They weren't Sweet Home Alabama or Free Bird: those were the monster ones.


Well, I had to cut down the list and stick it below, and I gotta think this guys's been listening to one of those "Best of the 60s, 70s and 80s" stations doing an "All 80s Weekend!" -- only as programmed by someone who was born in 1981. How in the blue hell can you have any AOR list without Skynyrd?!

Quote:
Then you have other people like Asia who were a one album wonder, contributed perhaps two songs to the AOR rotation, then wandered off into oblivion. A few years after they were gone, Lynyrd Skynyrd was still a king in AOR, and a dozen Zep songs were in the rotation, and two dozen Stones songs.

REO Speedwagon was an AOR failure that got a hot album, cranked out some Top 10 hits, and *that* sold a ton of albums... not AOR.

Just an embarassment. You'd hear Won't Get Fooled Again, Baba O'Reily, Behind Blue Eyes and Who Are You *each* a dozen times rather than shit like Toto. They were a fucking Pop band. Groups like Journey started out as AOR, then when they went big did it through Top 40 and get left behind by AOR. Don’t Stop Believin’ isn't a fucking AOR "hit". It's a Top 40 hit. For christ sake, *Layla* is an AOR hit.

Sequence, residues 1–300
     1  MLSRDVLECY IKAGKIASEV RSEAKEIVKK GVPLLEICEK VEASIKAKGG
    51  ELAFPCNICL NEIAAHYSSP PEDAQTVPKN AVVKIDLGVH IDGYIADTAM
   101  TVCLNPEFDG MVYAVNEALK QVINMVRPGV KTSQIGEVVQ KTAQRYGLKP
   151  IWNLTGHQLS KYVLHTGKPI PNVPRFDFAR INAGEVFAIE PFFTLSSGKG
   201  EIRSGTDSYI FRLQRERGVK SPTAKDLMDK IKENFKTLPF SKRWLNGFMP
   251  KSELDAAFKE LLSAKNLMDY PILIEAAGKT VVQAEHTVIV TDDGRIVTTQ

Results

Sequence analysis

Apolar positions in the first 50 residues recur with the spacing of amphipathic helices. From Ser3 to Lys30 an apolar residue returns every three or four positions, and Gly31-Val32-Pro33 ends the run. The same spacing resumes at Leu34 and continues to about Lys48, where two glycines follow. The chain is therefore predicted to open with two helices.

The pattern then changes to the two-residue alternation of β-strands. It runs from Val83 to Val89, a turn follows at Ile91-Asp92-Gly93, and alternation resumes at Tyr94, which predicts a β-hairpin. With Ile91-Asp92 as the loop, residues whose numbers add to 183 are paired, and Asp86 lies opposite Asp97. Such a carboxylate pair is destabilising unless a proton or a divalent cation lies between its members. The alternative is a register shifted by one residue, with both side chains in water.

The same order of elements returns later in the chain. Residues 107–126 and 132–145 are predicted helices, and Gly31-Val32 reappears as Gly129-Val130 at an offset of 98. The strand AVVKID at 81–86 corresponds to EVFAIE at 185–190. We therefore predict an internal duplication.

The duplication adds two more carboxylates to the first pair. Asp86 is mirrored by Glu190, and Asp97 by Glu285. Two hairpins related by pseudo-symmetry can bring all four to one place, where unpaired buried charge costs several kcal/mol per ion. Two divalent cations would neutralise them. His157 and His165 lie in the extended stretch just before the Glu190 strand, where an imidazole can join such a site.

Yep, Eric Clapton is some supreme AOR maudlin.

While discussing Clapton, John and I started arguing heatedly as he wanted to separate AOR bands vs. AOR artists. Now on my own shelves, I actually do separate out those who were only male solo artists (of just about all weights, from Matthew Sweet to Joe Satriani) from my large "Hard & Heavy Rock & Metal [HHRM]" section... which is in turn separated from my much small "70s AOR and Prog Rock" group.

However, this is because I had to physically file people somewhere, and tend to pull them out by mental association; it doesn't mean they are just the one thing, or have no overlap. And Zep, Page solo, Plant solo, and Page/Plant all end up safely together in my HHRM stack even if Zep's albums were shanghaied to be the very foundation of the AOR radio concept.

Basically, for lists like this about a particular genre, I won't differentiate between "bands" and "artists". If one or more people put out an "album" with "songs" on it, they're fair game.

Quote:
Moron.


Even Snr. O'Connor isn't quite sure what his criteria for evaluation are...

Quote:
AOR seems to be a euphemism for some vague idea of “corporate rock,” but while something like Jimmy Page’s the Firm (just look at the name) or Starship (sans their Jeffersonian roots) certainly seems influenced by the concept of corporate synergy, I wouldn’t think the kids in Loverboy or the weird hippies in Supertramp saw themselves as part of a shareholder revolution...


So: he's either issuing a disclaimer so vague that he can't possibly be held responsible, or he's partly misunderstanding what could make something end up on AOR in the first place.